When someone tells you “I have good news and bad news,” which one do you want to hear first? I usually go with the bad news; get that out of the way so I can focus on positive things. Also, the question sort of implies that the bad news isn’t all that bad. So here it goes: we are in a bear market, inflation is off the charts, and we are or may soon be in a recession.
The good news: bear markets have always ended and need not impair investment outcomes, the Fed is serious about fighting inflation, recent economic data suggests higher interest rates are having a cooling effect, and early success for the Fed could help us avoid a deep recession or skirt one altogether. The latter outcome is plausible, given the fact that we are starting from a place of very low unemployment and high job vacancies. And good news can be fun too: it’s the best time in two decades to go on vacation in Europe, if you are willing to put up with air travel, which certainly isn’t on a two-decade high note. The dollar and euro have reached parity; simply put: 1 dollar = 1 euro. In effect you are escaping inflation by going on vacation in Europe, because the increased purchasing power of your dollar is offsetting higher euro price tags.
As I referenced in a blog post on June 20th, when we had just entered a bear market (down 20% from a recent high): one thing all bear markets have in common is that they end. By definition an end means a 20% rally off the bottom. That rally off the bottom doesn’t have to stop at 20%, as there is nothing magical about that made up number. So, the rally that ends the bear market is likely the rally that puts your portfolio back to where it was before the bear market, with its sights on new highs.
Could the Fed tip the economy into a recession? Yes, absolutely. Maybe it already has. It is good to remember that everyone hates inflation, whereas the pain of recessions is more concentrated in the population of people who lose their jobs. Though politicians would never say this, when their party is in power, they would probably prefer a recession over runaway inflation. Moreover, the Federal Reserve is (sort of) independent, so they can always be blamed for having caused the recession all on their own. The party in opposition of course will try to tie a recession to the party in power, but at least there’s some blame that can be spread around, whereas inflation will be blamed squarely on the party in power.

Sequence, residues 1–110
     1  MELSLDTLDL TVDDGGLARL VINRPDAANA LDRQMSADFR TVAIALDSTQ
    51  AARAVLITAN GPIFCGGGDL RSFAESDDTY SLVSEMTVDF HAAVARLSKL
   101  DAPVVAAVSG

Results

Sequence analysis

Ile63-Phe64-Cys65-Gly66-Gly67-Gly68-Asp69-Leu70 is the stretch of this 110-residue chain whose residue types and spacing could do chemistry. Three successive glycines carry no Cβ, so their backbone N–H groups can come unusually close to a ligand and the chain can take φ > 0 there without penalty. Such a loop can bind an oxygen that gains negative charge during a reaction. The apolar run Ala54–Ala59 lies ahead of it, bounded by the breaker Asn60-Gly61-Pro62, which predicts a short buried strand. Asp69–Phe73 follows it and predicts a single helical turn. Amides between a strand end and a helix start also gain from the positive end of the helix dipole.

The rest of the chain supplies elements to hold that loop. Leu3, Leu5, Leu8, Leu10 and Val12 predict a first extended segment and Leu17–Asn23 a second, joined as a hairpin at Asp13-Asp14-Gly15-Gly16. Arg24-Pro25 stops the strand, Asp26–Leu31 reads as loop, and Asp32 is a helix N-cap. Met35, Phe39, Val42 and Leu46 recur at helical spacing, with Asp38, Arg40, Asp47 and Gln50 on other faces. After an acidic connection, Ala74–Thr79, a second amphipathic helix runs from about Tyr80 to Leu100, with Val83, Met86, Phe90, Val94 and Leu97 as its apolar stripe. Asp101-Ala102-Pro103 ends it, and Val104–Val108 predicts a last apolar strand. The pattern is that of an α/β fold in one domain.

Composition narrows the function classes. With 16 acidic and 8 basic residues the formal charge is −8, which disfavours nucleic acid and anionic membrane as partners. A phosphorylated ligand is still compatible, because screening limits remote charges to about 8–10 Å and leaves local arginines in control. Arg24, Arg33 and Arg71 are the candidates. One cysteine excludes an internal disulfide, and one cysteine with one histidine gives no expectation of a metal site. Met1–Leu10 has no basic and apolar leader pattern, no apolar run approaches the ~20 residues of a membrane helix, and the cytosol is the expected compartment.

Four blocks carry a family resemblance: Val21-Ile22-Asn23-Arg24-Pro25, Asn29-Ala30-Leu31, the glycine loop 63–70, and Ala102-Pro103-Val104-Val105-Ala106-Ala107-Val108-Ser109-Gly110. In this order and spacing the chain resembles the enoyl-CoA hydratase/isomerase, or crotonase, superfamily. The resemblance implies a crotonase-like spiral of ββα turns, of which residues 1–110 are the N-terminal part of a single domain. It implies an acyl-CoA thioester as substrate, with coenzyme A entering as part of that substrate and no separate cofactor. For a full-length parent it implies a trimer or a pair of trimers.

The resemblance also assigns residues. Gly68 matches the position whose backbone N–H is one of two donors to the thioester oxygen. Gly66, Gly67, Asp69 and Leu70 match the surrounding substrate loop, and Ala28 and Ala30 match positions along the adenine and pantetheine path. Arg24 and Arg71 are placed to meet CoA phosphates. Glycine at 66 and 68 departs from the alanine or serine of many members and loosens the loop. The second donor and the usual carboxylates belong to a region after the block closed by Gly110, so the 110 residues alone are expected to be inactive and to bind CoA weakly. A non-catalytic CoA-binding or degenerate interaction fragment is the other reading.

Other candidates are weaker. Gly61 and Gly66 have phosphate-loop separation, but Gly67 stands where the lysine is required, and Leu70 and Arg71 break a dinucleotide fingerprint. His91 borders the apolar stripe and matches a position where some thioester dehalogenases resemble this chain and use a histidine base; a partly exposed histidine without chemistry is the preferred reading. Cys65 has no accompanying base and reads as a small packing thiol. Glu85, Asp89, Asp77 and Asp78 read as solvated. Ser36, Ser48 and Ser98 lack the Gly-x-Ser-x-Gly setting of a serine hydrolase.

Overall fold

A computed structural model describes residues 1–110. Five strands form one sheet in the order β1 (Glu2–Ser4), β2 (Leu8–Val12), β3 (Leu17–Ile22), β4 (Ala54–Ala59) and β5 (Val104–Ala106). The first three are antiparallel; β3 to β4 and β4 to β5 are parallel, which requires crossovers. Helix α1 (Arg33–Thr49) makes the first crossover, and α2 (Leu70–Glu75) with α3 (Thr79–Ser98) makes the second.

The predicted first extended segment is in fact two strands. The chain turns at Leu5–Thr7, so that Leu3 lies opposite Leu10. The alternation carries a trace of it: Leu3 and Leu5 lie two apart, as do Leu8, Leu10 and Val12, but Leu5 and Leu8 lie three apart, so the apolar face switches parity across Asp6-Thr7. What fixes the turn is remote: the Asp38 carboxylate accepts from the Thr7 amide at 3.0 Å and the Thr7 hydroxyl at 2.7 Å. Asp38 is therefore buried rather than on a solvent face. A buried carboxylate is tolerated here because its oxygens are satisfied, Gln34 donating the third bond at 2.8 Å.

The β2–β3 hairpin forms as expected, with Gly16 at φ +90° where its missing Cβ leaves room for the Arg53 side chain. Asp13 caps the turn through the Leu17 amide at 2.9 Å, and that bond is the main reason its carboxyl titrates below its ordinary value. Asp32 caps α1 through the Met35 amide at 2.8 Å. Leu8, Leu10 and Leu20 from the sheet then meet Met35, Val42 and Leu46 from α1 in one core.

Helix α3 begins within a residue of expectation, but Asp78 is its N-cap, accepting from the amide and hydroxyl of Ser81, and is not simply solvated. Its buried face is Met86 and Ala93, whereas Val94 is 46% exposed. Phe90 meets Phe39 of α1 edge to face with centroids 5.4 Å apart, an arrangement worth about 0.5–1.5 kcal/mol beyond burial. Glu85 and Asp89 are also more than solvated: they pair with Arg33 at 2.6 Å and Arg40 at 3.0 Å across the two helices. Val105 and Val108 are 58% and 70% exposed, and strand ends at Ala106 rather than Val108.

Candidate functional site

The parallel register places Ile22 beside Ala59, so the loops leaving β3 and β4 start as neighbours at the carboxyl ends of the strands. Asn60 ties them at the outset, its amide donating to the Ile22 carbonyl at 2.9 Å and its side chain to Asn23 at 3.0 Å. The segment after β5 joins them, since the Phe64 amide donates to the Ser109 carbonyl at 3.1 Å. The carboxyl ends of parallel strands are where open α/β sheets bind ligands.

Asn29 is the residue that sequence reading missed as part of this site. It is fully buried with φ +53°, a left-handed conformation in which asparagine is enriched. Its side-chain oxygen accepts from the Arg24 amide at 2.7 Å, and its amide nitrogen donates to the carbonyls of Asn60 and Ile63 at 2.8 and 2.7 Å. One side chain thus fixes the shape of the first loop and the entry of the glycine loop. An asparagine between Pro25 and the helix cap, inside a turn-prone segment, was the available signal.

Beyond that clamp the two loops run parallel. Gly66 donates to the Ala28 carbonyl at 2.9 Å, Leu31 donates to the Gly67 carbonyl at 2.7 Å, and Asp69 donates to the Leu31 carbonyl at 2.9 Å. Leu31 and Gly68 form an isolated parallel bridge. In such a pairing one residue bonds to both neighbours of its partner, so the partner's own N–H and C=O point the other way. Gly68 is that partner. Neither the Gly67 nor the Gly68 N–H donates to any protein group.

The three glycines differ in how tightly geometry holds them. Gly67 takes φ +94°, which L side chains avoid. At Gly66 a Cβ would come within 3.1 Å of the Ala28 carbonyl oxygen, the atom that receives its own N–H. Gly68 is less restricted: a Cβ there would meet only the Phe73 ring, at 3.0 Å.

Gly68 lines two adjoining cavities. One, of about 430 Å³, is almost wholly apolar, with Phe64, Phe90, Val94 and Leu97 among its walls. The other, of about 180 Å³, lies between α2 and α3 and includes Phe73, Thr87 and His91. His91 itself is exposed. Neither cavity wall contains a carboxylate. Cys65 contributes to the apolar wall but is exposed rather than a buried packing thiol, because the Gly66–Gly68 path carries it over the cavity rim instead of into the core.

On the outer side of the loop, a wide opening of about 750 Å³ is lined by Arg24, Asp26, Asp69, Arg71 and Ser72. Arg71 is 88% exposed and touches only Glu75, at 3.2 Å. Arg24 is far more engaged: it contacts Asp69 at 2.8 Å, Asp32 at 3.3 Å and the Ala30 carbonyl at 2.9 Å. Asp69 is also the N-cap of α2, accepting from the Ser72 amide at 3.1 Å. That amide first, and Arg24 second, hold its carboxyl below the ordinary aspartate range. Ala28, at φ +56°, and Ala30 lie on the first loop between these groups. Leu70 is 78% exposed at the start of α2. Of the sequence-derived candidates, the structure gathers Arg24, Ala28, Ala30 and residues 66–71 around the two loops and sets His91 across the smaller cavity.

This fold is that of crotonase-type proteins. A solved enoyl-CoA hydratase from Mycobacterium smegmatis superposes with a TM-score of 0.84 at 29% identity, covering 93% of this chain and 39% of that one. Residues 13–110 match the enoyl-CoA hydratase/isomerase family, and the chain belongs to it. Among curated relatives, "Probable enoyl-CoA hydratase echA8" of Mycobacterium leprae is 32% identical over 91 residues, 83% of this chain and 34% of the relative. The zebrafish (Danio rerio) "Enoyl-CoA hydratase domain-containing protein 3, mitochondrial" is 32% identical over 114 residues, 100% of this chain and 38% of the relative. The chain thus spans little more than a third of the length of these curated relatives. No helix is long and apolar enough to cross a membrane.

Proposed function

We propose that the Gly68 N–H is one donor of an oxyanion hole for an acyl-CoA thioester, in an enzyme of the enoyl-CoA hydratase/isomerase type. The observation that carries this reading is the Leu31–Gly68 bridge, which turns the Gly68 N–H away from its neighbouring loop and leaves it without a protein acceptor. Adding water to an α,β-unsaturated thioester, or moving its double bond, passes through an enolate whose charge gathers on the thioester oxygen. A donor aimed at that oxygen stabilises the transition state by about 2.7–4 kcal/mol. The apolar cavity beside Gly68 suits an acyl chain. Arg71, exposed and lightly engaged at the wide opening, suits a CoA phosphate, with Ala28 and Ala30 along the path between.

In other words, Congress, the Fed, and the administration are all keenly focused on combating inflation, even at the risk of a recession. Hence gas tax holidays, visits to Saudi Arabia, easing of tariffs on Chinese products, and other headline grabbing but perhaps mostly ineffective measures. I say “mostly ineffective” not as a critic of this administration in particular, but of the tendency of administrations in general to presume politicians are capable of setting prices, which in most instances are set by markets. Case in point: gas prices are high because there is a supply demand imbalance, not because there is a gas tax. If you lower the cost of gas at the margin, the limit on supply and increased demand will quickly push the price back up. Similarly, it is hard to control the cost of food, housing, and other essentials, other than to (try to) unconstrain supply, which has its own set of challenges.
Gosh, this letter is getting a little boring, but it is hard to cover the topic of inflation without delving into Econ101! On to a hopefully less sleep-inducing topic: early – or at least on time – retirement:
No need to delay retirement because of a bear market. Every time there is a market downturn, news stories will come to the fore that talk about Americans delaying retirement – by choice or by necessity – because the value of their nest egg has decreased. Ideally, in the years before retirement, your nest egg is not exclusively comprised of tech stocks and crypto currencies. If you think of all the eggs in your basket as either being blue (lower risk) or red (higher risk), you should have blue eggs that make up somewhere between 30% to 70% of the basket. If you enter retirement in a bear market, you consume those first. Using the example of a basket that is 50% blue, 50% red and a retirement period of 25 years (retiring at 65, living to 90), conceivably you could eat blue eggs for a decade before having to dig into some red ones. It would take a very nasty bear market, not to see a recovery in 10 years. Granted, as you consume the blue eggs, your basket starts looking redder, and thus riskier, but that’s the point of having blue eggs; for a rainy day. Moreover, even if you consume a few reds during this period, it probably won’t alter the trajectory of your retirement assets dramatically.